There have been techniques published for increasing significantly the speed at which a plastic degrades, the most notable of which is probably the method for reducing PET to its original monomers. However, polyester is still proving very obstinate! Even if a method were to be devised, it is unlikely to be as cost-effective as filtration, which can now be achieved with a simple filter which only needs clearing once a week or so. Even as a means of addressing the elimination of the plastic particles already in our oceans, improved degradation is of uncertain viability. Accelerating the decomposition of any plastic would require careful attention to the by-products and the long-term effects of these on the environment.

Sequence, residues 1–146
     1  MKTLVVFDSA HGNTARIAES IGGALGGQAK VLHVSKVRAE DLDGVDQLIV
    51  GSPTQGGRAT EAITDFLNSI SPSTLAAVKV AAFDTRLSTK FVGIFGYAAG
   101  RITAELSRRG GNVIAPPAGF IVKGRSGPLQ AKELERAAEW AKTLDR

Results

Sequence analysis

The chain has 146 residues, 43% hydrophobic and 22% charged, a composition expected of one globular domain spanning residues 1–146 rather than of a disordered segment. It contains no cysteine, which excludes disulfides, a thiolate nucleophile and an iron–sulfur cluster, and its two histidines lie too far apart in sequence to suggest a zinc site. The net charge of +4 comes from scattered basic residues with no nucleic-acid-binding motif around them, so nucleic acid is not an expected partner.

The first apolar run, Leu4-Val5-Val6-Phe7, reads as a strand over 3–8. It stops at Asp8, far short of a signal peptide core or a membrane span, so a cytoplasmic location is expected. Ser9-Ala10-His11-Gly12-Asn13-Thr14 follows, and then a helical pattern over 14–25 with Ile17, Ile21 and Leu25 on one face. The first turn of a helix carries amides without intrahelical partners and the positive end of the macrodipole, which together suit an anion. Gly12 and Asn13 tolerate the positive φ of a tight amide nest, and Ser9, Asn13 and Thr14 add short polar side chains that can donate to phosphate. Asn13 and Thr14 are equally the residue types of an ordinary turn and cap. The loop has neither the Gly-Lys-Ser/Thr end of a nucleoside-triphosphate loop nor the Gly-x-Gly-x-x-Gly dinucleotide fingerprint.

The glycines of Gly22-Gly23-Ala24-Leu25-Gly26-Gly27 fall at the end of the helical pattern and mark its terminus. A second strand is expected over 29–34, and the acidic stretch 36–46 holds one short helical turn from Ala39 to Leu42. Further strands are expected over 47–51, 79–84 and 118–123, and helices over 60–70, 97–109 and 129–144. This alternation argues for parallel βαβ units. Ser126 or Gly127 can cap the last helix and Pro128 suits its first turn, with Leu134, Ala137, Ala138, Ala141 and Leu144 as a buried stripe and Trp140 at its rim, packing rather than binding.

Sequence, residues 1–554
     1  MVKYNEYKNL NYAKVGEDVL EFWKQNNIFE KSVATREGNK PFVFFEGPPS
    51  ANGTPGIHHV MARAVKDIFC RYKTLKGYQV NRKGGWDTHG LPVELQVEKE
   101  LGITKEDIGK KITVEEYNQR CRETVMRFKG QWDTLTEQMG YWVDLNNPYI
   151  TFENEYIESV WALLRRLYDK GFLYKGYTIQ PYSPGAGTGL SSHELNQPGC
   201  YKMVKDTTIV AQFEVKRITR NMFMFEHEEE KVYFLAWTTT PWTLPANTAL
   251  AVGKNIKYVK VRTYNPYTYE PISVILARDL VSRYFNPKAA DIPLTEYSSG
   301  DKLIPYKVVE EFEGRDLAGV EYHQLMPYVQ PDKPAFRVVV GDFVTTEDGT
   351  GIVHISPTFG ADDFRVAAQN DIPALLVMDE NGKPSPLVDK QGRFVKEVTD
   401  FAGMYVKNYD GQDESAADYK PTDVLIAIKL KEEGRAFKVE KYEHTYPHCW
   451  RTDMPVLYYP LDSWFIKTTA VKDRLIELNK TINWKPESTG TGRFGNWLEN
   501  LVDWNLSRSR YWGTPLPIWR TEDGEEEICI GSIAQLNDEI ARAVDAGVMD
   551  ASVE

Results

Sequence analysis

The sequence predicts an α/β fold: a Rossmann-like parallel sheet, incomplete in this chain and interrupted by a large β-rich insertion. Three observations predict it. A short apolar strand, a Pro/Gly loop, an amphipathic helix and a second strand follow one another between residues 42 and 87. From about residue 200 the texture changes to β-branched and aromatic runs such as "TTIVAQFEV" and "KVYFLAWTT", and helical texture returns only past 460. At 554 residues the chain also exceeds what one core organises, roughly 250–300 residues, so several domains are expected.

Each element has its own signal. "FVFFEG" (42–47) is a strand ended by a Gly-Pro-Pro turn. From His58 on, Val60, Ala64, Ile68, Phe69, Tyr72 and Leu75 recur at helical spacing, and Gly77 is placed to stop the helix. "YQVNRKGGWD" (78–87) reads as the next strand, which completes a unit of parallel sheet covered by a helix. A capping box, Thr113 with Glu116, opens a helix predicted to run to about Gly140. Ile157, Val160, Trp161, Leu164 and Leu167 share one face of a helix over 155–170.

What is the likely way forward for textile rental?
The present research indicates that polyester microfibres are building up steadily in the oceans worldwide, even at the greatest depths, year on year. There is a growing realisation that nations will need to tackle this ‘plastic soup’ sooner rather than later, to avert a problem that might yet be a serious as that of global warming. However, the world’s leading nations have much more pressing problems in their sights and there seems little likelihood that microfibres will trigger political action fast enough to achieve a low-cost solution. This might change if serious consequences are identified as the concentration of microfibres in the food chain continues to increase unchecked.